All the pressure gradient and velocity microphones mentioned above are unidirectional sensors. In other words, these microphones are only sensitive in one direction and insensitive in other directions. But, in the real world when an acousticwave is propagating in space, the particle velocity or acoustic gradient associated with the traveling wave is a vector quantity in space, rather than a single direction vector. Therefore, in order to measure three-dimensional (3D) acoustic vectorquantities, three of the directional microphones are required and they have to be allocated closely, orthogonally to each other so that the X, Y, Z components (e.g., in a Cartesian coordinate system) of the acoustic vector can be respectively measured. Packaging multiple sensors in one small housing may create interference between sensors. Moreover, the packaging structure may distort the acoustic wave and cause measurement errors.

Embodiments of a directional acoustic sensor or an acoustic velocity microphone are disclosed that suspend a small buoyant solid object in the air to follow the velocity of acoustic particles. The dynamic velocity of the buoyant object can bedetected using different detection means, such as an optical detection means, an electromagnetic detection means, and an electrostatic detection means.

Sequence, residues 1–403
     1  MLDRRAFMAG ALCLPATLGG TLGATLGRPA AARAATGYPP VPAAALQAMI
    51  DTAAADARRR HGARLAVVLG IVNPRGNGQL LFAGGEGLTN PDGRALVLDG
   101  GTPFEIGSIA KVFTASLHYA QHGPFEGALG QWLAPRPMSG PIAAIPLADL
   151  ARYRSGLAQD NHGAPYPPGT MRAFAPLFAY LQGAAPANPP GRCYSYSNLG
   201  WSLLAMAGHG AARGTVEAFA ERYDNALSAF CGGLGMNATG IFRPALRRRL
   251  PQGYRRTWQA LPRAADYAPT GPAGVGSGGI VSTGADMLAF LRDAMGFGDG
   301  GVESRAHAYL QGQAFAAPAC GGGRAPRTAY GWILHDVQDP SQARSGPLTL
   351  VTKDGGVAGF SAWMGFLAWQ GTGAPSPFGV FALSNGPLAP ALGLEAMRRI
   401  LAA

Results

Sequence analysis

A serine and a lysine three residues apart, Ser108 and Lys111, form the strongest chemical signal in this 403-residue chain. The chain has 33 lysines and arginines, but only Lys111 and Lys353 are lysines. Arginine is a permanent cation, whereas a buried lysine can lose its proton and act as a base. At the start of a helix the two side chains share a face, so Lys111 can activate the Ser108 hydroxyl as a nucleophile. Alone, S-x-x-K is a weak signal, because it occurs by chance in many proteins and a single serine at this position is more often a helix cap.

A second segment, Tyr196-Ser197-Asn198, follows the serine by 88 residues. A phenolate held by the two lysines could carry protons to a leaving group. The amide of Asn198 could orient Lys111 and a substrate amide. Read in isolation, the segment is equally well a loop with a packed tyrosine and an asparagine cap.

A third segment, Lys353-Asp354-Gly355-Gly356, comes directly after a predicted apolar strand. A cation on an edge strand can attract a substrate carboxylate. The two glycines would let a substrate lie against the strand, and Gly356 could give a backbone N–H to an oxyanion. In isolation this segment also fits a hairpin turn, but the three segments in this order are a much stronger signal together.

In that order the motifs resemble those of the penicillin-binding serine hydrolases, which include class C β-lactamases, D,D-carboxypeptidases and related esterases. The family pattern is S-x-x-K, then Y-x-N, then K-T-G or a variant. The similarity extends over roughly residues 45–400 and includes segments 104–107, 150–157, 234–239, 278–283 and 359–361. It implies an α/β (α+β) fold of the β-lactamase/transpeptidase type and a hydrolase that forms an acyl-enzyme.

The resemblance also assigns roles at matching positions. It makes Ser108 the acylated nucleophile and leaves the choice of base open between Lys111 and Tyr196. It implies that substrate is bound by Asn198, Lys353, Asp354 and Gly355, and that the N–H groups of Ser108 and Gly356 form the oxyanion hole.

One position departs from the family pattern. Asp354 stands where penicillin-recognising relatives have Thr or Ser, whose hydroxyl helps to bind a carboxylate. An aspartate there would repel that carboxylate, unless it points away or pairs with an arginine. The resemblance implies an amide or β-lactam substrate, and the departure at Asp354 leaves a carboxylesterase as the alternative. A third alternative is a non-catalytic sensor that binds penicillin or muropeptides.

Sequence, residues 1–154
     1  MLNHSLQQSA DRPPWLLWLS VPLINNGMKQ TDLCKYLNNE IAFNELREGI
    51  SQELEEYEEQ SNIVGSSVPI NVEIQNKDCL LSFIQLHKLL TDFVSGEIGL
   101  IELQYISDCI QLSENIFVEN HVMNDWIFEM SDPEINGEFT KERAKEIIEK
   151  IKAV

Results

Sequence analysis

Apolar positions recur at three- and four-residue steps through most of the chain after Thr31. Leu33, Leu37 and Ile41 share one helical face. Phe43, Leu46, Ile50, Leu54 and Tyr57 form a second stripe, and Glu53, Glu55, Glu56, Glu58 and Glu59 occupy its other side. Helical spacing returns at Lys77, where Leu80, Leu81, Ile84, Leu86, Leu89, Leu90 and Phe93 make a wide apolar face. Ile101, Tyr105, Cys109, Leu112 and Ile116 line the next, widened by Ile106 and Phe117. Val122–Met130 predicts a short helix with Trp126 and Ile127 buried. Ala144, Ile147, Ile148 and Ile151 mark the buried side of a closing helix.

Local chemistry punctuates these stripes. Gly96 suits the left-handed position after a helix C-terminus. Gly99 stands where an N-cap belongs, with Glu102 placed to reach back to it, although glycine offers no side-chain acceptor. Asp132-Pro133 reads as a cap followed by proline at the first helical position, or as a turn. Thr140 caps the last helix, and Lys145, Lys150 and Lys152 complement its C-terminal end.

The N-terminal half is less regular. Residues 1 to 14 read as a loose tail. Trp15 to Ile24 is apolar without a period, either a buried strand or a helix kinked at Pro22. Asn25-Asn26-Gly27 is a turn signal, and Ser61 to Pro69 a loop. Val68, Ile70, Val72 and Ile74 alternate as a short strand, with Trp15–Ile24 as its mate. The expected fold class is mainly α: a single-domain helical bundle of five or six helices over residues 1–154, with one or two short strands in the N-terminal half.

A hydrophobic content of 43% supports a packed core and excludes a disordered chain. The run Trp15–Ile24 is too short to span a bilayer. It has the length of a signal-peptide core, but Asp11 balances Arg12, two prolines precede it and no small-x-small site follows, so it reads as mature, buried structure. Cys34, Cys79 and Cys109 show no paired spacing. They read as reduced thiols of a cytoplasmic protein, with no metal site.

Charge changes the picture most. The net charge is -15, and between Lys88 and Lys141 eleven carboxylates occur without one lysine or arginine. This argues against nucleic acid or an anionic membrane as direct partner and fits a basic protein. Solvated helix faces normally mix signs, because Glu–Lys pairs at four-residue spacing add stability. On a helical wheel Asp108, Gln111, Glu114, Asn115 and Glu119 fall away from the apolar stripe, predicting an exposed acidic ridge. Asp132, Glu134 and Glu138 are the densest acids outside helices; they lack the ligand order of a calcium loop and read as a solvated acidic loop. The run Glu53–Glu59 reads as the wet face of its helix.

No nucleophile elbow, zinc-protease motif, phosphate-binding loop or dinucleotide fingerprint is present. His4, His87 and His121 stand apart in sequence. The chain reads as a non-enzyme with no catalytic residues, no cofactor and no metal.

An embodiment of the acoustic velocity microphone may be a three-dimensional (3D), directional vector sensor that is capable of directly detecting the velocity of an acoustic particle (referred to as "particle velocity") at a single point as avector amount, as opposed to sensing acoustic pressure, which is a scalar quantity. The acoustic velocity microphone may have a constant (flat) frequency response both in amplitude and phase, covering the human audible frequency range (e.g., 20 Hz-20kHz) or beyond. The acoustic vector sensor may adjust the detection direction in any orientation in space and may block sounds from other orientations.